ORLEANS — The finance committee voted 5-3 last week to recommend against the town's purchase of a conservation restriction that would guarantee public access to Sipson Island in Pleasant Bay.
“It's too difficult for most residents to access unless they have a boat in Pleasant Bay or a kayak,” member Peter Monger said. “The cost of $1.5 million could be better spent elsewhere given the parlous state of Orleans' finances.” The loss of tax revenue after the conservation restriction is in place was also a factor, he said.
“I'd hate to see this boil down to lost property tax revenues when we're talking about one of the iconic parts of the Pleasant Bay watershed and an opportunity to conserve it,” member J. Suzanne Moore said. “I just think the issue is larger than that.”
Member Bob Renn, who like Moore and member Elaine Baird supports the purchase, said that property taxes from Sipson, now owned by the Dietrich family, are a little over $55,000 annually. That amount, he said, would be reduced by $47,000 if the land is purchased with conservation restrictions.
Balance that, he suggested, against the town helping to preserve the island and provide public access with its $1.5 million, plus “what I view as a very significant grant from the Sipson Island Trust and a Massachusetts land grant to a total of $3.4 million, effectively 70 percent of the total acquisition cost.” The Friends of Pleasant Bay is about halfway to its goal of raising $3 million in private funds by the projected sale date of January 2020.
“I'm still looking at the total financing picture and I'm still troubled,” member Frank Lucibella said. “So far, the only money on the table is a little over a million in private grants. Our million and a half is next up. There's still two million unspoken for. I'd be a lot more comfortable if this had the financing more in place. For that reason, I feel I can't support it.”
Renn spun out three possible scenarios. If the article passes, he said, “we get the conservation restriction at $1.5 million, and there is no additional burden on the tax rate (the money would come from community preservation funds, which are supplied by a tax on real estate transactions). Twenty-two acres of Sipson Island would be placed in a conservation trust in perpetuity for research, education, and public access. Two acres would be in private ownership.”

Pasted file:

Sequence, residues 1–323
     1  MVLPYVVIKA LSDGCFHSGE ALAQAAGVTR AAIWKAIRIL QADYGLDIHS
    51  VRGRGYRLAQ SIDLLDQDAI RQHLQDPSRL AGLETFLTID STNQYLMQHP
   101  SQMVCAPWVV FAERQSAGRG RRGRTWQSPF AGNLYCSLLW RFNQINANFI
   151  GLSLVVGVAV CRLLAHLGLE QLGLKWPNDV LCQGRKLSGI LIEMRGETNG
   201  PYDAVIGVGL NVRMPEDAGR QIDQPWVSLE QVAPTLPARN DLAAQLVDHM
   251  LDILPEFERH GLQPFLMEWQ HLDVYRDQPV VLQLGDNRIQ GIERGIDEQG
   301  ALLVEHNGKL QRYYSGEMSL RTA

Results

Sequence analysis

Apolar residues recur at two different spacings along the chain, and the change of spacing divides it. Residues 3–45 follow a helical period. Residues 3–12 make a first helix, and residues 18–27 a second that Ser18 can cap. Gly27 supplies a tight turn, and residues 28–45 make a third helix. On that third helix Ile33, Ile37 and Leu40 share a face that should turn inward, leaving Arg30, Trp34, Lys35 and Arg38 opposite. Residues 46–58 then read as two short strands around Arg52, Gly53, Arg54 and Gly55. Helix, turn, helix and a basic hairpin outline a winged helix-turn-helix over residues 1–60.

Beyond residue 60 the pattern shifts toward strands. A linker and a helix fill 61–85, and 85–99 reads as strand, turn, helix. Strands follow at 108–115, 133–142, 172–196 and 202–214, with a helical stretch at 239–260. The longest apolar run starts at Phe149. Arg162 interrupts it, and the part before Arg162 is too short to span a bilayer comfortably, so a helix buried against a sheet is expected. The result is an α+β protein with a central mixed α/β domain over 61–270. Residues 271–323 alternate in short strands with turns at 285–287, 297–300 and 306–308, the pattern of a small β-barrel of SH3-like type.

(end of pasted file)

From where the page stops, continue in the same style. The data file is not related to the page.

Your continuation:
If Article 15 is rejected, he said, the Friends or the Compact of Cape Cod Conservation Trusts could proceed with the purchase of the island in January and “the conservation restriction would be in jeopardy because the town would have no control or impact...” It's quite possible, he said, that the property could be converted into a different tax category if construed as a forest or rural property. That could lead to a tax abatement request “so the tax revenues the town currently enjoys could be greatly reduced even if nothing happens.” Even if the Sipson Island Trust or Compact are unable to proceed with the purchase, Renn said, the current owners could ask for such an abatement.
The town would be required to oversee, but not provide, maintenance of the island under a conservation restriction. That would be the responsibility of the Sipson Island Trust, in perpetuity.
“What guarantee do we have from the (trust) that they will be around in perpetuity, let alone maintain it in perpetuity?” Monger asked. Although Renn had said earlier that liability matters related to the property would rest with the Sipson Island Trust and not the town, Monger said, “Unless the trust has extraordinarily deep pockets, the town would be sued. You always go after the deep pockets.”
The committee's liaison from the board of selectmen reminded the committee that the town owns or controls 30 percent of the land in Orleans. “Potentially, we have a lot of liability,” Alan McClennen said, adding that state law limits a municipality's liability to $100,000 for any one incident. “If you say liability is terrible, why do we own any land at all?” he asked.
At the Orleans Citizens Forum meeting at the senior center earlier that afternoon, McClennen recalled that town meeting had voted to spend community preservation money to buy 65 acres of Tern Island in Nauset Estuary. “Most of the time, you need a boat to get there,” he said.
Also at the forum, Mark Robinson, executive director of the Compact of Cape Cod Conservation Trusts for several decades, said he had never come across an idea as exciting as saving the last island in Pleasant Bay for the public's enjoyment.
“Chatham stepped to the fore with help from Orleans and other public and private fundraising to protect Strong Island almost 50 years ago,” he said. “This is our generation's chance to save an island in Pleasant Bay.”